Breeding Bird Atlas 2 Species Accounts
- Nearly ubiquitous and likely increasing
The bristly, hair-like feathers on the backs of Hairy Woodpeckers give them and Downy Woodpeckers their common names. The origin of these names comes from the fact that both species were first described from dead specimens. In the hand, it is quite clear that the vertical stripe of white feathers on a Downy Woodpecker’s back is soft and smooth while the feathers on a Hairy Woodpecker’s back are longer and shaggier. In the field, these otherwise similar species are better distinguished by voice, size, and other plumage characters. Like Downy Woodpeckers, Hairy Woodpeckers are becoming more widespread in Massachusetts.
Historic StatusThe Hairy Woodpecker is a bird that has simply always seemed to be around in the woods and forests. A state report in 1839 described it as “a pretty bird, which comes so familiarly near our houses, that everyone has seen it, intent upon its labor, searching for grubs and insects, not only in trees, but in posts, rails, and all kinds of decaying wood.” (Peabody 1839). Their primary enemy was likely deforestation. In the early part of the twentieth century, Forbush noted that in winter they moved from their northern and western forested breeding grounds into orchards and gardens, and even into the denuded southeastern Massachusetts where they were particularly absent in summer (Forbush 1927). As forests have changed in the state, Hairy Woodpecker numbers have fluctuated accordingly.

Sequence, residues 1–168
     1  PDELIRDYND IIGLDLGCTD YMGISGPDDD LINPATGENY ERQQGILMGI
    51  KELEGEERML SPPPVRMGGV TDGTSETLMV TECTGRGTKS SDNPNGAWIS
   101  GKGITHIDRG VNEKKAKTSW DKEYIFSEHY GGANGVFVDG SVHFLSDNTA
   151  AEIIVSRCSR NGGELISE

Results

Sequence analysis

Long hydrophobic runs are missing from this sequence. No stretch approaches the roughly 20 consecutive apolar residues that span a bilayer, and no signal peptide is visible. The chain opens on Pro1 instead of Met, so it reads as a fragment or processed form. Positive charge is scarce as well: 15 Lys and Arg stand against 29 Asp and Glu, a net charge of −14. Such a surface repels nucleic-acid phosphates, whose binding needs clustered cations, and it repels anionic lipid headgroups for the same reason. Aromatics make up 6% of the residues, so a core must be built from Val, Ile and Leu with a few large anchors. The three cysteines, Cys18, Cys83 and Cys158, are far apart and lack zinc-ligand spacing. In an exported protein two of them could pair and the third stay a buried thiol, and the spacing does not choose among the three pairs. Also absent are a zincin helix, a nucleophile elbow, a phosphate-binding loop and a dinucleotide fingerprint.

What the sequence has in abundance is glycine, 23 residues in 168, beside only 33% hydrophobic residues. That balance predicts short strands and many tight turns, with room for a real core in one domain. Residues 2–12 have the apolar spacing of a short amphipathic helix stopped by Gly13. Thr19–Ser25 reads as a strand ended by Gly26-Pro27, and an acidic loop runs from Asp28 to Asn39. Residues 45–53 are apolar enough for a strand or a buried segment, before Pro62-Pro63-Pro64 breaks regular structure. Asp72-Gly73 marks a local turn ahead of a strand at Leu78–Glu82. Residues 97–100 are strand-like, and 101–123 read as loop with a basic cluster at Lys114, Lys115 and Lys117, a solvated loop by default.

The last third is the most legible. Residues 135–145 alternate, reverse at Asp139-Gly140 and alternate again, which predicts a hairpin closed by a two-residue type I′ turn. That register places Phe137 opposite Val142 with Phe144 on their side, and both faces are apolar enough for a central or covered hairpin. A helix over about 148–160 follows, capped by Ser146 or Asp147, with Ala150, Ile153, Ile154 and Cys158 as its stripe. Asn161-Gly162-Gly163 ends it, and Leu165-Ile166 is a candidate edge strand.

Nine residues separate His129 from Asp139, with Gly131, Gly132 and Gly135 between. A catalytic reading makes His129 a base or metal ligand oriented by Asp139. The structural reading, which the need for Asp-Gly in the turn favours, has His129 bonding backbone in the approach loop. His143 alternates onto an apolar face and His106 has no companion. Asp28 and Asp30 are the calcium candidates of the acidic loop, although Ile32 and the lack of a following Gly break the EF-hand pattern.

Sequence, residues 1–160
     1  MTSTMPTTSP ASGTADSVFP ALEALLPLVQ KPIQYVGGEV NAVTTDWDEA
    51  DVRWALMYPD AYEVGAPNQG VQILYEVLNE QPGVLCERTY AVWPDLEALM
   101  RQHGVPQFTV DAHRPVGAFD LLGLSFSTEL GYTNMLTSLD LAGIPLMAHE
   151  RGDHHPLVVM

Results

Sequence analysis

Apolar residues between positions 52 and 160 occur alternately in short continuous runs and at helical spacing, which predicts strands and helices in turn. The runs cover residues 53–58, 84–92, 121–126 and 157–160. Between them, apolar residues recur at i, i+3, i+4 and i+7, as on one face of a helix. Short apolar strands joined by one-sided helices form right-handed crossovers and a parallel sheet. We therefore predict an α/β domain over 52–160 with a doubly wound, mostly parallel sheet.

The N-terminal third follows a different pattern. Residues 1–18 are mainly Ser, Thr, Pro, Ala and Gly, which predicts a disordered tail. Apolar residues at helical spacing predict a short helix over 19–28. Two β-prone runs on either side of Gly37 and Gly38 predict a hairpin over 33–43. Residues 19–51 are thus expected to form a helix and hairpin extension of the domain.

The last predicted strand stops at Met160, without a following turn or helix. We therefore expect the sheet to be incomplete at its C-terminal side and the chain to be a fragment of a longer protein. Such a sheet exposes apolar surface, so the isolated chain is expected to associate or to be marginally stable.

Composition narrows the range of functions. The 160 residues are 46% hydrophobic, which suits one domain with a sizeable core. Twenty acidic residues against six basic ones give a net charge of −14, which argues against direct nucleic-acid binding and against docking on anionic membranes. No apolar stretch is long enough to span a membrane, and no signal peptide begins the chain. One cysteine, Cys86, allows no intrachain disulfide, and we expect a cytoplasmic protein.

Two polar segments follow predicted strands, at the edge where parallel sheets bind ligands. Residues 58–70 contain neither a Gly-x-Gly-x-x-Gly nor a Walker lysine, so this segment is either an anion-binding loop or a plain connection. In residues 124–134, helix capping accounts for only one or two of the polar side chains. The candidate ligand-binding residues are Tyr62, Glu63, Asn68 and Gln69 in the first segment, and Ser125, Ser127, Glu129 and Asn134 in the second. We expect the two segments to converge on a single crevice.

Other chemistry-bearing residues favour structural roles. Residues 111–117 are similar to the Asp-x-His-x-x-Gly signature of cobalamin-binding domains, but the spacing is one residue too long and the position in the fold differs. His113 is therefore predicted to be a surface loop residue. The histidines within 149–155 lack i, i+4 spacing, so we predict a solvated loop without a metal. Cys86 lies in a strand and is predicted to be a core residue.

Atlas 1 DistributionHairy Woodpeckers weren’t difficult to find in most parts of the state during Atlas 1, but their stronghold was the western parts of the state. The Taconic Mountains, Marble Valleys, Lower Berkshire Hills, and Berkshire Highlands had Hairys in 94% or more of their blocks. The birds were less widespread through the Berkshire Transition and in the Connecticut River Valley, especially at its wide southern end. The Worcester and Lower Worcester Plateaus set the tone for distribution in most of the rest of the state with Hairy Woodpeckers in more than half of their blocks. This trend held for all eastern ecoregions save the Cape and Islands, where the birds were scarcer, and Nantucket had no Hairy Woodpeckers at all.
Atlas 2 Distribution and ChangeIn the western part of the state, Hairy Woodpecker distribution in Massachusetts did not change much between Atlas 1 and Atlas 2. Small declines in saturated regions like the Taconic Mountains and Lower Berkshire Hills were as likely the result of random fluctuations as indications of an actual decline. The Connecticut River Valley and Worcester Plateau regions showed marked increases in occupancy since Atlas 1. Hairy Woodpecker numbers appeared to be on the rise across much of eastern Massachusetts as well, even in the Boston Basin. The Bristol/Narragansett Lowlands remained overall stable amidst other increasing regions, but showed considerable shuffling among blocks.
Atlas 1 Map
Atlas 2 Map
Atlas Change Map
|Atlas 1||Atlas 2||Change|
|Ecoregion||# Blocks||% Blocks||% of Range||# Blocks||% Blocks||% of Range||Change in # Blocks||Change in % Blocks|
|Marble Valleys/Housatonic Valley||39||100.0||6.1||35||89.7||4.1||-4||-10.3|
|Lower Berkshire Hills||28||100.0||4.3||28||90.3||3.2||-1||-3.7|
|Connecticut River Valley||41||73.2||6.4||59||90.8||6.8||10||20.8|
|Lower Worcester Plateau||53||71.6||8.2||77||96.3||8.9||9||16.7|
|S. New England Coastal Plains and Hills||169||62.6||26.2||259||91.5||30.0||58||25.7|
|Bristol and Narragansett Lowlands||67||63.2||10.4||69||60.5||8.0||0||0.0|
|Cape Cod and Islands||59||43.4||9.2||85||59.0||9.8||18||15.0|